The Outsider

Christmas at Grandma and Granddaddy Tippett's house was always a special time in our family. After eating a huge meal prepared by my Grandma, we would gather around my Granddaddy's leather recliner while he read the Christmas story from Luke 2.

Then we would begin opening the huge pile of presents under the small Christmas tree by the front window. It was one of those rare times my sister was glad to be the youngest grandchild, because she always opened the first gift. The rest of us grandchildren followed, from youngest to oldest, we girls squealing with excitement over the baby dolls Grandma had chosen for us.

Then we would scurry off to the next room to play with our toys, while the adults opened their presents. The older grandchildren were given the task of counting out all the coins Granddaddy had saved all year, and dividing them into seven piles, a gift to each grandchild.

As I think back to these long-ago Christmases in Raleigh, a face comes to mind. Mr. Robert Strickland, an older gentleman who was a friend of my grandparents, joined us for several of these celebrations. I never questioned his presence at the time, but years later asked my mother, "Was Mr. Strickland related to Grandma? Why was he always there at Christmas?" My grandmother's maiden name was Strickland; I figured he was somehow kin.

"I think maybe he was somehow distantly related," she replied. "Grandma and Granddaddy met him when he started coming to our church; when they realized he had nowhere to go at Christmas, they invited him to join us."

Mr. Strickland was a gruff old man with an abrasive personality that some found hard to tolerate. But he was always welcome at my grandparents' house and we just considered him "one of the family." There were even a few presents for him under the tree.

My grandparents, Elbert and Kathryn Tippett, had set a beautiful example for me of what Christmas is really about. So many times we think Christmas is simply about being with family.

But what about those who have no family to be with during the holidays?

In 2005, Robbie and I spent our first Christmas away from family; we had arrived in Honduras as missionaries early that year. Eager to celebrate, I bought decorations, played Christmas music, and decorated cookies; but with temperatures in the 90s, no parties to go to, and the house empty, it just didn't feel like Christmas. After a simple program at church on Christmas Eve, the Alvarado family invited us and our missionary partners the Goinses to their home. "Are you sure?" we asked them. We didn't want to impose.

The Alvarado Family

"Oh, please come!" they insisted.

As we awkardly sat down in the tiny living room with its concrete floor, we listened to the kids laughing outside the door lighting sparklers and firecrackers, a Honduran Christmas Eve tradition. We were given shredded chicken sandwiches, with apologies that it was a simple fare. "No, this is great!" we insisted. The family squeezed in among us, some perching on the arms of tattered furniture, others choosing to sit on the cold floor. We laughed and chatted easily, with small brown children and the lucky chickens that had escaped the hatchet wandering under our feet.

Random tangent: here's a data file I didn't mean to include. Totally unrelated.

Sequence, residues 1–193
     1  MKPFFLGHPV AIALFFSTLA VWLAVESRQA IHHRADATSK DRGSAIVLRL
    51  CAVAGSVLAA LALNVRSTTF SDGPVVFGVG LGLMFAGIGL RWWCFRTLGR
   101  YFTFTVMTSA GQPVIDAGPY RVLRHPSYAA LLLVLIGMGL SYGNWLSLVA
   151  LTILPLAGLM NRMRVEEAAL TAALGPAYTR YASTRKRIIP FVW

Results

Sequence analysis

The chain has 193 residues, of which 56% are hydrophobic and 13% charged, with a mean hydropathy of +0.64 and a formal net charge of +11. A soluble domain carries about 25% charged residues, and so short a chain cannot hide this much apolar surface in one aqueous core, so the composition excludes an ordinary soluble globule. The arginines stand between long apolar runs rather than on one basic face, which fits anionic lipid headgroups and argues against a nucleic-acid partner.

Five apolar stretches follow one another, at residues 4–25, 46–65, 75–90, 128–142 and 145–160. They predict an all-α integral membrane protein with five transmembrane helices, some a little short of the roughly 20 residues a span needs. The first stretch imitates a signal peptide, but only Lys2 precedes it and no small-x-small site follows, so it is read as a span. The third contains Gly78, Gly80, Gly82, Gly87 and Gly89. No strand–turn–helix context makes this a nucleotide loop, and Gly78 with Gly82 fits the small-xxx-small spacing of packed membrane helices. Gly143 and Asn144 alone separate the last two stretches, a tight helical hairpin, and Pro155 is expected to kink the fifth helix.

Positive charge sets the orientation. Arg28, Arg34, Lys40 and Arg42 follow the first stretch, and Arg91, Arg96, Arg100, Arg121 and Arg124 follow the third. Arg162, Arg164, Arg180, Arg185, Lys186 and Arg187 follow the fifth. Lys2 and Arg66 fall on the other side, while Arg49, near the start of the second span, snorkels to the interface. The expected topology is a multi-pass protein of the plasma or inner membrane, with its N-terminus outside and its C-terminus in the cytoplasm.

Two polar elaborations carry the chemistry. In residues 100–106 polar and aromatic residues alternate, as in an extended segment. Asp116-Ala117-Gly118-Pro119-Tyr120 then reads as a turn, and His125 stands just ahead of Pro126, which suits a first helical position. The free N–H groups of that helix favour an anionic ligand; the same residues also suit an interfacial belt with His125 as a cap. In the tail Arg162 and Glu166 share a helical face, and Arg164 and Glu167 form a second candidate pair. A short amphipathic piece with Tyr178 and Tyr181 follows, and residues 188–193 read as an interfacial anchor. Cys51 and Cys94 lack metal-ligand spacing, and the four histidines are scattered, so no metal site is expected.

As I looked around the room, I finally felt that familiar warmth I had been craving. Now it feels like Christmas! This time I was Robert Strickland, an outsider who had been taken in. But Christmas is just not about being with your family. It's about celebrating our Savior's birth. As I gazed on the smiling faces of my Honduran brothers and sisters, I knew the reason we had gathered together. That tiny baby in the manger had come to save us all from our sins. Most of them were celebrating their first Christmas as believers; the joy in our hearts was the same.

And we have seen and do testify that the Father sent the Son to be the Savior of the world. -I John 4:14
3 Responses
  1. Kathy Says:

    You made me cry again! What memories. Robert was a cousin who had disappeared for many years, living a very rough life. When he returned, some of his immediate family rejected him. He found the Lord and our family and of course the folks welcomed him. He was now our family in BOTH ways, physically and spiritually. Yes, your legacy prepared you for your calling!

    Aunt Kathy

  2. Ricky Says:

    Robert was actually homeless for many years. I remember Dad saying that his family had rejected him after bring so much shame on them by the way he lived. He spent many nights in the woods. Kathy is right; his choices in life had severe consequences.

    But God did change Robert; I think Dad led him to the Lord. Robert used to vacuum the church hallways late at nights and told Pastor Cox it was his favorite time of the day. Said he liked being alone with God and like having Him all to himself it seemed like.

    Mom and Dad always had a heart for people like Robert. May we all gain a little bit of that heart as we work with others. "People are the work of the ministry."

  3. Kimberly Grainger Says:

    Aww, girl! Such great memories! Elizabeth laughed at pics of Mom, Aunt Katy, Uncle Kent, and a VERY young Nana and Papa. I'm all nostalgic for Grandma's chocolate candy (in dishes), blueberry cake, Toll House cookies (which your mom mastered, as well!!), and Granddaddy's strong, rich voice reading Luke 2. It just feels like home and comfort.
    We're just finishing up the Grainger fam gatherings, and they, too, welcomed another soul into the celebrations. How sweet to still be in a circle of family who are compassionate and kind to others.
    Miss you, cousin! Much love to you, Robbie, and Claire!!

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